Inspired by Dutch artist Jan Vermeer‘s work, Anna and Johanna is a children’s picture book that shares author Geraldine Elschner’s fictional tale of how the women of two of Vermeer’s most famous works, The Milkmaid and The Lacemaker, are connected.
A creative story that takes the real (e.g., Vermeer’s paintings, an explosion) and blends it with make-believe (e.g., the two woman from the paintings being connected), Anna and Johanna is an exemplar of what can happen when research and a creative spark are married.
Whereas I absolutely loved the idea behind the book, which was translated from French and comes out from Prestel in about a month, I became overwhelmed with the book’s wordiness.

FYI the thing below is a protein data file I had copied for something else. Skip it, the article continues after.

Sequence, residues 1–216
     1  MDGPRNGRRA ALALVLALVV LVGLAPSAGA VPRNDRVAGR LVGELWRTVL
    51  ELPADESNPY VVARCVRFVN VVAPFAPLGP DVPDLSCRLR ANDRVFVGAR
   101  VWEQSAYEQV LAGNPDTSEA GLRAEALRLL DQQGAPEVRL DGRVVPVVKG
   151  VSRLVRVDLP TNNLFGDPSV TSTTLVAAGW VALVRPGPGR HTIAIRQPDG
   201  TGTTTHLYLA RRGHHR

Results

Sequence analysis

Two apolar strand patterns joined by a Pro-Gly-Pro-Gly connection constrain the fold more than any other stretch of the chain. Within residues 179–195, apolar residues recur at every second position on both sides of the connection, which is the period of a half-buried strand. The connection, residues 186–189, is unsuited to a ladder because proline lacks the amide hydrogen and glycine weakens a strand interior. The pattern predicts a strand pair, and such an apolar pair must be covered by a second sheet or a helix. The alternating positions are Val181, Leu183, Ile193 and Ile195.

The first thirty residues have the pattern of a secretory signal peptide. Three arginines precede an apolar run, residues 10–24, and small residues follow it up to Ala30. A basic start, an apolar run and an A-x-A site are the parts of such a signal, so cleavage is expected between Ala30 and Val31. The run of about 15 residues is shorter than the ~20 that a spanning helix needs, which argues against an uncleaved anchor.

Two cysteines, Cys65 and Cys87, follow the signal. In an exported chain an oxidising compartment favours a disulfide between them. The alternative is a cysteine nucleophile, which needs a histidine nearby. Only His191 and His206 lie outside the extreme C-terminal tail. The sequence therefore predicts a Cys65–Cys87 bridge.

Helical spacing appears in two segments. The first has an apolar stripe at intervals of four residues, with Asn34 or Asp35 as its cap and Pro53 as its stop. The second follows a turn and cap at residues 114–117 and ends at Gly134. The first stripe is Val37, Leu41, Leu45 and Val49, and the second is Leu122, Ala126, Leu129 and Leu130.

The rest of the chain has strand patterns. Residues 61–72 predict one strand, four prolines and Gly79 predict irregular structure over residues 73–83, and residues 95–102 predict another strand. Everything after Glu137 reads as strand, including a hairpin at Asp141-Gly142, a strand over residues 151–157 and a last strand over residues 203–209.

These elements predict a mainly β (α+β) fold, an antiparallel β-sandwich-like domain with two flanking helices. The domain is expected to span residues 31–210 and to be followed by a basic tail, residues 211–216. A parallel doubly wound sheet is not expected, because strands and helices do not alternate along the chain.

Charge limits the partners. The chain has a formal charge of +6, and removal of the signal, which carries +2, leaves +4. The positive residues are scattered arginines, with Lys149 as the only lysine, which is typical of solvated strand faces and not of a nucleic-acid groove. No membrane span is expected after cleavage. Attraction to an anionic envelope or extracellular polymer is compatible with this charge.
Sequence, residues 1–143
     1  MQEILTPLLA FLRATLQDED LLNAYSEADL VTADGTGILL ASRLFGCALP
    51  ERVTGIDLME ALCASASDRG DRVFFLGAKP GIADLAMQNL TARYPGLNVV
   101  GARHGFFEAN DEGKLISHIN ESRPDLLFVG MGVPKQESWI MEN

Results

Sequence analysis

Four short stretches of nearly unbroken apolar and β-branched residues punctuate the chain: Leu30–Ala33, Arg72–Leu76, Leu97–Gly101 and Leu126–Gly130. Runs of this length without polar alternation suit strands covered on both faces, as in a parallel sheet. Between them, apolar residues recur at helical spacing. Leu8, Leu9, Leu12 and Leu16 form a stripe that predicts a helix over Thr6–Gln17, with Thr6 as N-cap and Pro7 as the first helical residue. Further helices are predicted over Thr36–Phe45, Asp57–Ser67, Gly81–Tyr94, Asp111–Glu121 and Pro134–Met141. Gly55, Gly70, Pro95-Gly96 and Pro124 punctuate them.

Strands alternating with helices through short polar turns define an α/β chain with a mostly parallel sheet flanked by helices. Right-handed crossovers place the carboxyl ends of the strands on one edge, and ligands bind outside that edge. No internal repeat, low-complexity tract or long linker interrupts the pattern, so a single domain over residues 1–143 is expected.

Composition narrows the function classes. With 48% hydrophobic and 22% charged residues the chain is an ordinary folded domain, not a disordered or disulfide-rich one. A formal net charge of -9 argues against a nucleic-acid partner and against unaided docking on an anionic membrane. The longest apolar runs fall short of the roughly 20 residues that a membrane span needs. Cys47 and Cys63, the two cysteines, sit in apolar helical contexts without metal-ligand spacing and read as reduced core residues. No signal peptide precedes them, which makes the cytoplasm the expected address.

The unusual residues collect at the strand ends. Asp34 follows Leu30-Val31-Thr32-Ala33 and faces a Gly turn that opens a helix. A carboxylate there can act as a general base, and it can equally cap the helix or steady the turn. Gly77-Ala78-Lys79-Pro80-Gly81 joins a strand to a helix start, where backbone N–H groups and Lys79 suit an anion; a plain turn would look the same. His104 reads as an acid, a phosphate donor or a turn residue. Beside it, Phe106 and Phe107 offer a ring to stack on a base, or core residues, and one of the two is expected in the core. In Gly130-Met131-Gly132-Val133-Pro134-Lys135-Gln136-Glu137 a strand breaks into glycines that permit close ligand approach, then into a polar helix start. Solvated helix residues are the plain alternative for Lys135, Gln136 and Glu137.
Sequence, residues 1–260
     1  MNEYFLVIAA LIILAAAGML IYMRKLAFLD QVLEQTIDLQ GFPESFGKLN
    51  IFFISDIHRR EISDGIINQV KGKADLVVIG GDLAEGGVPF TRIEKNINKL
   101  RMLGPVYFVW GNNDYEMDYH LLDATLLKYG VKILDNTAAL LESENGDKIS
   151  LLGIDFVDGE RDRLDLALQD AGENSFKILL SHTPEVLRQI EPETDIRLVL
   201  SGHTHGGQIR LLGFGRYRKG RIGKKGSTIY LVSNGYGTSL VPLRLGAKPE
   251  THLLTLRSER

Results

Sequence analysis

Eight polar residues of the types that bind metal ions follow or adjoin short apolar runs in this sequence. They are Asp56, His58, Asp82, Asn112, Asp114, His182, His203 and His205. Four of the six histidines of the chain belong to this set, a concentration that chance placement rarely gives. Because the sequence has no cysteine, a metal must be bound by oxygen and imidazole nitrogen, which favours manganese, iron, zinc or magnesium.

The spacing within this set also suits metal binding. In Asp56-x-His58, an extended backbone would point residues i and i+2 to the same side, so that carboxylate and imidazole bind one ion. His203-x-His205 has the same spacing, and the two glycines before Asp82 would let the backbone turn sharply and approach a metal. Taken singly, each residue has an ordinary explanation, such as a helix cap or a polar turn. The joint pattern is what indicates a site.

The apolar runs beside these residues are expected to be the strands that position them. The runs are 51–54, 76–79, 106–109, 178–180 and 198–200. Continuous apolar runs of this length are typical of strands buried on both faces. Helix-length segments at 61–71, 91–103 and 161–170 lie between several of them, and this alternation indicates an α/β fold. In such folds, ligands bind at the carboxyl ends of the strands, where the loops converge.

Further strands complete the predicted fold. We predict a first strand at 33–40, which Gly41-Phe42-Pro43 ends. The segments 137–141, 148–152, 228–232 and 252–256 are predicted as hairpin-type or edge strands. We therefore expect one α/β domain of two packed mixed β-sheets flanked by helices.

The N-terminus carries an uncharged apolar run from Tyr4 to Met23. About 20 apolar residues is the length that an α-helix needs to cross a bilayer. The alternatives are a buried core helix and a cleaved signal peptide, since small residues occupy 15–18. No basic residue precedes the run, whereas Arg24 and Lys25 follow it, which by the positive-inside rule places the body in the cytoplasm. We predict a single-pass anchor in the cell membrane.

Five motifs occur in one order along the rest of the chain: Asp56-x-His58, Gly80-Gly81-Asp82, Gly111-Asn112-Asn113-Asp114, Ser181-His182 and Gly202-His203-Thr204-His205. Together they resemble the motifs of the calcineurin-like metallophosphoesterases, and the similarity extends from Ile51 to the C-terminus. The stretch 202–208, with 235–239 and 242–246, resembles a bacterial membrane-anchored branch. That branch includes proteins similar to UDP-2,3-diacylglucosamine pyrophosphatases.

The verbose pages make it a difficult read aloud text – especially for a young audience. The book may very well appeal more to upper elementary to middle school readers more than its intended audience of preschool or lower elementary students. But even then the amount of content along with the lack of flow might make the piece difficult for readers to access.
Koenig’s acrylics embody the Vermeer’s style – yet are so very unique. I just had my children’s literature students create original pieces based on the style of an illustrator. This would have been a great text to show my students.
A mentor text for artists who want to research particular written or artistic texts and then create original artwork, Anna and Johanna is a fine children’s picture book. It’s just not my absolute favorite.
Anna and Johanna earns three stars.